REVIEW: Why the Mercedes C-Class is still the premium coupe to beat

Mercedes-Benz is on a bit of a roll at the moment. You just have to look at local sales numbers, which are going through the roof and pushing the German luxury brand into ninth place in Australia for total car sales.

While SUVs have played a big part in that success, the company’s staple C-Class sedan also helped. Since the current iteration’s release in 2014 it has received nothing but praise and numerous car of the year awards.

Now finally, Mercedes has released its C-Class coupe in Australia, chopping off the rear doors and trading practicality for sporty looks.

It’s easily the best looking C-Class coupe the Germans have ever released, stealing the design from the larger, more expensive S-Class coupe. There’s also an AMG-Line body styling as standard to help the sportiness.

Once you step inside the car, the cabin is almost a carbon copy of the sedan version. And by no means is that a bad thing. There are quality materials throughout, as expected with a car of this prestige. It’s genuinely one of the nicest places you can be in for a car at this price.

The infotainment system is easy to use, with a high resolution screen in the centre console operated by a dial.

The only real difference between the coupe and sedan is the loss of rear space that comes with removing a couple of doors and lower seating position.

And those rear seats are very much like most coupes – almost unusable for anyone but your kids. I’m 175cm (5’9″) and with the driver’s seat in my preferred position leg room in the rear was non-existent.

The C-Class Coupe comes with three different variants, all sporting different engines. There’s the 135kW/300Nm C200 2.0-litre petrol for $65,990, 150kW/500Nm C250 2.1-litre diesel for $74,990 and the 180kW/370Nm C300 2.0-litre petrol for $83,400. The petrol models feature a 7-speed G-Tronic automatic gearbox, while the diesel gets a new 9-speed.

No matter which engine you have, cars generally have the same handling and comfort dynamics driving around, just with different poke levels the more powerful you get.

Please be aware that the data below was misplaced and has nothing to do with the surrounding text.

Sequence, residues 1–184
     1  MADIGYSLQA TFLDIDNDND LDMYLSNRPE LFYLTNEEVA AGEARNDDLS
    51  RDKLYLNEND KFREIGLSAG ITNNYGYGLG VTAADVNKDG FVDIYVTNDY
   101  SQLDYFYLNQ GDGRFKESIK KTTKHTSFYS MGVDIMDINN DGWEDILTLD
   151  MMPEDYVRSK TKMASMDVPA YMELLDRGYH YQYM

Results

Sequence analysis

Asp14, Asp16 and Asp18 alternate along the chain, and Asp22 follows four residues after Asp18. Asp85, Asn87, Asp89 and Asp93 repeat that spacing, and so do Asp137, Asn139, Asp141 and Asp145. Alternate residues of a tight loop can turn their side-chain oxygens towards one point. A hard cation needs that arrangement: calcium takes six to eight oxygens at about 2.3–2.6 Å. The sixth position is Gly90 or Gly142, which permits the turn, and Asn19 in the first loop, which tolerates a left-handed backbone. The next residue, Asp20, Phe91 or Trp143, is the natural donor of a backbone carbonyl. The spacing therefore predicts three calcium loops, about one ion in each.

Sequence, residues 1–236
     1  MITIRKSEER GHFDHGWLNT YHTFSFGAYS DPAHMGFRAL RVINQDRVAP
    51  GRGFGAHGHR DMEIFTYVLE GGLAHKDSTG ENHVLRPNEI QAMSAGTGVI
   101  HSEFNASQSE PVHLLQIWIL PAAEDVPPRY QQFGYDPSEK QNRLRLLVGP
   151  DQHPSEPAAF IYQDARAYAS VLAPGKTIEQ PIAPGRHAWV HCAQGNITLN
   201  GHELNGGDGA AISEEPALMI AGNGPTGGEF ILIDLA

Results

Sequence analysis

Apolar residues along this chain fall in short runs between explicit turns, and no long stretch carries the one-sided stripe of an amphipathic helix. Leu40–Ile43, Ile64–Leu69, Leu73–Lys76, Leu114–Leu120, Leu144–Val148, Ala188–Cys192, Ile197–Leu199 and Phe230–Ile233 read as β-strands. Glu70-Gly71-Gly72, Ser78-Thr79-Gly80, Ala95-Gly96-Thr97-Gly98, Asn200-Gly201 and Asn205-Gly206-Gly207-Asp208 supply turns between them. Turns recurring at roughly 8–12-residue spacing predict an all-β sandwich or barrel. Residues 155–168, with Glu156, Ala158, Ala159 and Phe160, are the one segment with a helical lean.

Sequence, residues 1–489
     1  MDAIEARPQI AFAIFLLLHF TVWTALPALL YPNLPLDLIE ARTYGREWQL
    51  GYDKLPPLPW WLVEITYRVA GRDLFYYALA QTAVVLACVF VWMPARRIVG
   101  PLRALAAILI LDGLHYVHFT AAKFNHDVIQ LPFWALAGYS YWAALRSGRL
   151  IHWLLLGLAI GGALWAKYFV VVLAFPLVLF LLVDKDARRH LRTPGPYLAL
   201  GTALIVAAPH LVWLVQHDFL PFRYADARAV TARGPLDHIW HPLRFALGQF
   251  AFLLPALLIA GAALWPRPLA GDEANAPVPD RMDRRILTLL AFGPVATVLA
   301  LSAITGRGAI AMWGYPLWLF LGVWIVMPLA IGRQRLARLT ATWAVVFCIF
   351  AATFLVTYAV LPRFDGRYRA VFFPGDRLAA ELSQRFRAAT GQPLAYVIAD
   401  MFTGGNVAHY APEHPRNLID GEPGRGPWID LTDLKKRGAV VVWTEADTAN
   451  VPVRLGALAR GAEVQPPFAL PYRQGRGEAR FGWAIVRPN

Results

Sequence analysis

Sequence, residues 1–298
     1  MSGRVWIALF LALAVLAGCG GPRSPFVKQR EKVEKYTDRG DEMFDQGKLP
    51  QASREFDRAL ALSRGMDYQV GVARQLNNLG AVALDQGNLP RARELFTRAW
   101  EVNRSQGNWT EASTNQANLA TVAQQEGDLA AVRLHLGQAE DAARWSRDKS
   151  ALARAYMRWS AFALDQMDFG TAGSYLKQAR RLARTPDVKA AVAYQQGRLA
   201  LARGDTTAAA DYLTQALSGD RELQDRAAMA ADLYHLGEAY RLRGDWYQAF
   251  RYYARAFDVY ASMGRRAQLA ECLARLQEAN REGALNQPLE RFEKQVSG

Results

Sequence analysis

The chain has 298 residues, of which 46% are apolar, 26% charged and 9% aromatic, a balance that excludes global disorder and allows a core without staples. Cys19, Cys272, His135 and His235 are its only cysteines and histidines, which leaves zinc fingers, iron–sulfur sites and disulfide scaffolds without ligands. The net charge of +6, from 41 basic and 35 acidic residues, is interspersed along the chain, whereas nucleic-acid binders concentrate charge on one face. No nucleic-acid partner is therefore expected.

In the default comfort drive setting, especially with the optional Airmatic suspension – the car is smooth and handles bumps very well. While the standard suspension is fine, you’ll really notice the difference in low speeds that the Airmatic option provides.

Turn one the sports or sports plus setting using the rolling toggle in the centre console and the car manages to keep a good degree of smoothness on the road while also sharpening up the cornering ability to have some fun on back roads.

Out of the three driving options, the middle sports setting is easily the best. If you have it in comfort, the car’s all too eager to change into the highest gear in the name of saving petrol, while sports plus is quite twitchy and holds onto gears forever. Sport is just right.

We got to take all three of the cars for a drive around the Yarra Valley, with plenty of chances to to give each engine a good run.

The entry level C200 was a pleasant surprise, and while by no means the final word in performance, it still has enough go to make it a viable option. However the raspy, soulless exhaust note will likely leave people wanting more.

Even more surprising than the C200 was the C250d, with its 150kW/500Nm diesel engine. That mountain of torque is immediately noticeable, with the power lower in the rev range suiting every day driving much more than the other two models. You’ll just have to put up with everyone who hears you drive past confusing you with a tradie’s ute.

And lastly, the flagship C300 before the AMG models arrive. There’s plenty of power whenever you want it, and the sports exhaust sounds great. There’s even some fun pops when you change up gears.

All three models are genuinely fun to drive, and while they’re definitely not genuine sports cars, they make a great entry-level grand tourer.

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